Northwestern coach Joe McKeown has seen a lot of basketball in his 28 years on the bench. He’s coached in more than 960 games over his career so he has a pretty good idea about talent and how the game is supposed to be played.
After playing and losing to Penn State for the second time this season, McKeown offered up his assessment of the Lady Lions’ Ariel Edwards, a player who has lurked more in the shadows than in the spotlight in her four seasons.
“She’s probably the most underrated player in the Big Ten and has been that way since she’s been here,” McKeown started. “It would have been better if she had come to Northwestern, right? She’s had a great career for them and they probably appreciate her because she does all of the little things.”
For a player who has taken the long road to a starting position with the Lady Lions, those words are nice to hear.
“It’s a great compliment,” said Edwards, who along with Maggie Lucas, Talia East and Dara Taylor will be recognized on Senior Day as the No. 8 Lady Lions (21-6 overall, 12-3 Big Ten) face Michigan (17-11, 8-7) at 3:30 p.m. at the Bryce Jordan Center. “There’s so many good players in our league. Sometimes you can feel like your talents are lost or you’re not really appreciated as a player. It’s great to hear that.”
Edwards has earned every bit of the plaudits this season. She’s averaging 14.7 points and 5.9 rebounds per game, both totals that are around double her career averages.
In her first full season as a starter, Edwards is a big reason why the Lady Lions have a shot at clinching at least a tie Saturday for their third consecutive conference regular-season title.
“We’re not in this position without what she’s done,” Penn State coach Coquese Washington said. “I just take my hat off to her because she’s really been an impact player for us all season long.”
Edwards is the first to admit that her trek to the starting lineup has been easy.
She arrived at Penn State having been a post player at Christ the King High School in New York. But at Penn State, Washington had plenty of post players. She needed the 6-foot-3 Edwards to move to the wing.
Making the adjustment wasn’t easy. In her first season, Edwards averaged 2.9 points in 33 games.
“I’ve always been that kind of player that the more experience I get the more comfortable I get and the better I do.”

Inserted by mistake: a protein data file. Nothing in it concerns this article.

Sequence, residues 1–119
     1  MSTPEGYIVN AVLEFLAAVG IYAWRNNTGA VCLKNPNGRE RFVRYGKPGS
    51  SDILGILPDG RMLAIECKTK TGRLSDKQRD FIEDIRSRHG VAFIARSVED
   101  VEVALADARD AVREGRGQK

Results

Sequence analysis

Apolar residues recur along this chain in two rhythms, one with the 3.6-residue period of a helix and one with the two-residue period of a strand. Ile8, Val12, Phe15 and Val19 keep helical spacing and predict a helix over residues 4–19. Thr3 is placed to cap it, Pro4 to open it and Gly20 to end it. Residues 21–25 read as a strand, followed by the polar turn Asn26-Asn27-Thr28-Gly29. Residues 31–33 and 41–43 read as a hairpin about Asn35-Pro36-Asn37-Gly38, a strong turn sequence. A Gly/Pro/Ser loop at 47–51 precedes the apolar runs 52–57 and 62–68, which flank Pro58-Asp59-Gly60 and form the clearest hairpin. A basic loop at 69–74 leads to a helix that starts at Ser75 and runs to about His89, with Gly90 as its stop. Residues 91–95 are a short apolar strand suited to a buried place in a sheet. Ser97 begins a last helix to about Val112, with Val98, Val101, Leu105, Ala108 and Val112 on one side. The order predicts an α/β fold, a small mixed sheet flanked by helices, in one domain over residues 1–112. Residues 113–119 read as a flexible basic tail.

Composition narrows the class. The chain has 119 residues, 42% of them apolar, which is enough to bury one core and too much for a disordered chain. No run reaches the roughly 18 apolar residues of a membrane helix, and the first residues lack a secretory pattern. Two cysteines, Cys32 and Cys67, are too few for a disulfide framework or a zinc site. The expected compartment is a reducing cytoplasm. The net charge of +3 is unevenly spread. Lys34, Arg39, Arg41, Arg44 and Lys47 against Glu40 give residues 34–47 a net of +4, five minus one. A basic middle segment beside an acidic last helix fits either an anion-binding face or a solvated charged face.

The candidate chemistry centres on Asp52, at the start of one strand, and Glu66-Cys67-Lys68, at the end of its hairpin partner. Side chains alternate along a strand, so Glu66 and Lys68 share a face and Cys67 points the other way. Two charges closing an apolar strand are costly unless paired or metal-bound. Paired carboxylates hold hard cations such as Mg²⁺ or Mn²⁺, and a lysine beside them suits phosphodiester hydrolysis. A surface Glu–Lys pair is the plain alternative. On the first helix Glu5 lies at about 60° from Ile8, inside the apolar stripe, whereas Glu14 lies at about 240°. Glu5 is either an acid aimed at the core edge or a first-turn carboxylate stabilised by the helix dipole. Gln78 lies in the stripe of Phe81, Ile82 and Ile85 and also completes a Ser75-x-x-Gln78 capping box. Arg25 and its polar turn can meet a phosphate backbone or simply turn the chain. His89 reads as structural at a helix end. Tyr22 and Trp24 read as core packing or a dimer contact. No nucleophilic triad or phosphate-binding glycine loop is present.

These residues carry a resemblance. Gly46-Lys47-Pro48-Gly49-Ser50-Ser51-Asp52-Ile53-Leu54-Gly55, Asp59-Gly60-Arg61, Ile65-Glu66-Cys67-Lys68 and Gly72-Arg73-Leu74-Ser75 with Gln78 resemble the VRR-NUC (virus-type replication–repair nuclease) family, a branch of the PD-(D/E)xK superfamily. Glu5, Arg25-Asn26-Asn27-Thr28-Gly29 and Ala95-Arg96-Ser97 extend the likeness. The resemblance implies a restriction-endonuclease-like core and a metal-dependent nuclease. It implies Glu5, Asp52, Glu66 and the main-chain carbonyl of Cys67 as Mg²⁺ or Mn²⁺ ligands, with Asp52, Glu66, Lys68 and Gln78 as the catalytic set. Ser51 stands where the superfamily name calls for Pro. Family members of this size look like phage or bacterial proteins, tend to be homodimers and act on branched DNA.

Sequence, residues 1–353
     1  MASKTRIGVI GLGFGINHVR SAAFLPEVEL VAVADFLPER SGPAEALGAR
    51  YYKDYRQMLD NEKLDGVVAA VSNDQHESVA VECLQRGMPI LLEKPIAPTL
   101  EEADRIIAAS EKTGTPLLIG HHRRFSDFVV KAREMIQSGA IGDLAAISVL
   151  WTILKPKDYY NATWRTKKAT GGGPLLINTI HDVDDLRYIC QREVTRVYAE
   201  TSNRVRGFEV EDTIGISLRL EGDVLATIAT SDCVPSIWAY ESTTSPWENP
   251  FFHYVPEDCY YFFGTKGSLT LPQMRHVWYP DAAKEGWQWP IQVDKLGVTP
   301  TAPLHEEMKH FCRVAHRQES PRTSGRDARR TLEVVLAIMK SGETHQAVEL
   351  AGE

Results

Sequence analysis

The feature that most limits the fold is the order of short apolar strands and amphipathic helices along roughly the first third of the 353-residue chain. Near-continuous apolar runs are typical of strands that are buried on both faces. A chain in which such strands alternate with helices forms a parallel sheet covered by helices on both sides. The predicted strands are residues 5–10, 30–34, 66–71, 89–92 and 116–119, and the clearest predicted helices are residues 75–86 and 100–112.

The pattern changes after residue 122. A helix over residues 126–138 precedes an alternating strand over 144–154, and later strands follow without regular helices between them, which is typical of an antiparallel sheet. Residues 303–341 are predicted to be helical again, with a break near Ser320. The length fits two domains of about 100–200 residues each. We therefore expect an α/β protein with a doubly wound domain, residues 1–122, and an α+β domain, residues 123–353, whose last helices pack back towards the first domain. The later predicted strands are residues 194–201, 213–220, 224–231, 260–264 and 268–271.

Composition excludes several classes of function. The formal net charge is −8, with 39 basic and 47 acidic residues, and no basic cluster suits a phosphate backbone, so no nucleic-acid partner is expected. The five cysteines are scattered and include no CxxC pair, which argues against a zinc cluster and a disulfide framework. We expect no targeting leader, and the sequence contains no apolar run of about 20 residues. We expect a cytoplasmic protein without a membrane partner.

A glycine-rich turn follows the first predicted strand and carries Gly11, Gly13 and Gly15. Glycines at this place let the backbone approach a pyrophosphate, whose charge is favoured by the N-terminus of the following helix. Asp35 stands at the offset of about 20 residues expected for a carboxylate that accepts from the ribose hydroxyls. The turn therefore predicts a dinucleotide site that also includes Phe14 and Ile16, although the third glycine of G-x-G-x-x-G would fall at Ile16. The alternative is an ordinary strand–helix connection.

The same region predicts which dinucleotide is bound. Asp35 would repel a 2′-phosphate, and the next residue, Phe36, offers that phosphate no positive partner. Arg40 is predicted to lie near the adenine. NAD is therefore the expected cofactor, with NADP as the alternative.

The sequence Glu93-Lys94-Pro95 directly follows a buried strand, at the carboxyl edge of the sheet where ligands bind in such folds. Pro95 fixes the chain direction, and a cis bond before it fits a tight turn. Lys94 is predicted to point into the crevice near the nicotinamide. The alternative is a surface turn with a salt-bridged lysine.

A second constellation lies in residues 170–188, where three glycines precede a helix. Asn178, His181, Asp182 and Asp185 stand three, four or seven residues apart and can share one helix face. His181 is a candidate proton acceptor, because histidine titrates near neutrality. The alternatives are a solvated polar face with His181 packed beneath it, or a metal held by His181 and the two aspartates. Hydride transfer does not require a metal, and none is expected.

Edwards is what coaches call “a thinker.”
And when she arrived at Penn State, Edwards wanted to deal in absolutes in a game that is constantly changing.
“I don’t think Ariel ever questioned how good of a player she was,” her position coach Kia Damon said.
“Sometimes putting together the mental and physical in your four years can be a challenge. Sometimes when you live in the world of absolutes … basketball isn’t a game that plays out that way. There’s always some gray area and your ability to thrive in that gray area is what separates good players from great players.”
Edwards admits her brain didn’t always help her play.
“Definitely and that hurts me sometimes,” she responds when asked if she is a thinker. “I think that’s why it took me this long to play the way I’m capable of playing.”
Edwards likes things orderly. For example, she doesn’t want items on her plate touching each other. She won’t eat syrup on pancakes because she doesn’t want it to spill over into the eggs. She’ll eat one Skittle at a time so the flavors don’t bleed into each other.
It was the same way for a time on the basketball court.
“It’s something that’s helped me and hurt me in terms of basketball that I do things a certain all of the time,” Edwards said. “It helps me to be a consistent player, but if I don’t understand something that’s happening on the court, sometimes it hinders my performance.
“I’ve learned that basketball is not going to be predictable. There are some things that are consistent within the game, but there’s a lot of things that move and change. I’ve become more flexible.”
Edwards began her junior season in the starting lineup, but just a few games into the season, she was relegated back to a reserve role.
After two seasons doing the same thing, the move back to the bench stung.
“It was tough, but it was a wake-up call for me,” Edwards said. “There were still some things I needed to learn and some confidence I needed to build in myself before I could start and be effective at that position consistently.
“It definitely was a hard time, but I learned a lot from it.”
She averaged a career-high 7.9 points per game as a junior. She arguably was the best player on the floor in Penn State’s 71-66 NCAA loss to LSU, scoring 13 points in 15 minutes.
With three starters graduating and seven freshmen joining the roster, Edwards knew that she was going to be in the starting lineup this season.